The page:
Perhaps the days of MP3’s dominating the world market for music file formats is over. A company called Bach have develop a new format. A format called MusicDNA.
The format is not only just the audio track though, it contains heaps of metadata with such information as artists, artwork, lyrics and even twitter feeds. The developers of the file format claim that with all this extra information bundled in, with any success in the market they can double the price of music downloads. This is certainly a bold claim as many people’s reason for piracy is purely down to the fact that the price of music is ludicrously high as opposed to the dirt cheap albums of yesteryear.
The co-inventor of the file format, Stefan Kohlmeyer stated during the launch, “We bundle all the audio data and business intelligence in one file. The data can be automatically updated wherever you are online”. He went on to say, “You could even sell it for double the price of an ordinary MP3. If content creators make an effort to put a lot of exclusive content into it, you could definitely charge a higher premium”. As far as I can gather, by ‘exclusive content’ he is referring to such features as music videos.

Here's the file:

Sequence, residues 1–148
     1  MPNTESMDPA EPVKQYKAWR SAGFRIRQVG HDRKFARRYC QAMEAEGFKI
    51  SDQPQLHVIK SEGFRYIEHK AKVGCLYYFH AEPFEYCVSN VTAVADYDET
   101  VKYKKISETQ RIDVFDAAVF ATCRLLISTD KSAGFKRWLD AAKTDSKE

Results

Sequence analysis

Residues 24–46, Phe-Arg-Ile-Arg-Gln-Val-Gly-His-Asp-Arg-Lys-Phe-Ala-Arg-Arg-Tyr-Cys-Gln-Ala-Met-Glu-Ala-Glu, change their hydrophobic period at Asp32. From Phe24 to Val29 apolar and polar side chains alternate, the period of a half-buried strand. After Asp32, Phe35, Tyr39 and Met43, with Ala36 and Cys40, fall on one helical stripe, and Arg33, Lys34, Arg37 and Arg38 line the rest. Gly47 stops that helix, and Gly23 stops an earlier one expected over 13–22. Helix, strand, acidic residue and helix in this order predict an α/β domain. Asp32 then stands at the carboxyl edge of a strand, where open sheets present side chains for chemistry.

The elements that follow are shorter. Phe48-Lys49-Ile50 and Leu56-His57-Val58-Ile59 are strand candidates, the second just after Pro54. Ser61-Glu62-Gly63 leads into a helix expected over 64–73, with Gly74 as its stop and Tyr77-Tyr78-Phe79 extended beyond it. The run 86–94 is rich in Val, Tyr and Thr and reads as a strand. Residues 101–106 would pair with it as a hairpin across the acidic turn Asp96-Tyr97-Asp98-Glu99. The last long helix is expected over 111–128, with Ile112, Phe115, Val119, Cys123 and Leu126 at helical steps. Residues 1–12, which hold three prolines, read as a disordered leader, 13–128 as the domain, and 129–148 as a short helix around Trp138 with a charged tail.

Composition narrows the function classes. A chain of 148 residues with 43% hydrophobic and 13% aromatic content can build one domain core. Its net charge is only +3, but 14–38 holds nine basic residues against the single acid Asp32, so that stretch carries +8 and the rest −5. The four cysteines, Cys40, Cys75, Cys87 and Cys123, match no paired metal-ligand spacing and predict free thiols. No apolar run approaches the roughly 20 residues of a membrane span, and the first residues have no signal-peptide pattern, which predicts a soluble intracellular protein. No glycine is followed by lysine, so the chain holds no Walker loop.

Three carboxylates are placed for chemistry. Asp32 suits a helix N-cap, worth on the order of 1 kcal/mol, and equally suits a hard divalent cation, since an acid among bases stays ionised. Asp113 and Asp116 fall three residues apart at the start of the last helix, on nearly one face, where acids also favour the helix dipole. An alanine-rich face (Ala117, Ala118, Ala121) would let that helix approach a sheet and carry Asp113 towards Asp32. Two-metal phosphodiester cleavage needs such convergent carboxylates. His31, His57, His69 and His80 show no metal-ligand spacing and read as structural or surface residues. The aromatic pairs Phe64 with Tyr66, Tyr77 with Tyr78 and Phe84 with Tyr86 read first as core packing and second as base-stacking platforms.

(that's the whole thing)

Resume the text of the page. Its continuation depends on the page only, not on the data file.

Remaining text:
Already, there are a growing number of music labels in the UK signing up for MusicDNA, but it is yet to be seen whether this can make any inroads into clearing major music download sites of their MP3 files.
To me, this seems as though it’s already hit a dead end. Put it this way, how many people would refuse to buy a movie if it didn’t come packed with extra features such as commentary? How many people ever even think about watching the special features?… by my estimations the answer lies somewhere between none, and very few.
Personally, if MP3 is on the way out then there is only one way forward. I pretty much guarantee that given the choice, people would rather pay a premium for a higher quality lossless audio music track, than a premium for a bunch of bundled extras in Music DNA that most will never use?
On the other hand, the majority of the time anyway, the future of music is in the power of music labels, not the consumers so we can only wait and see what the future brings for digital music formats.
Via – BBC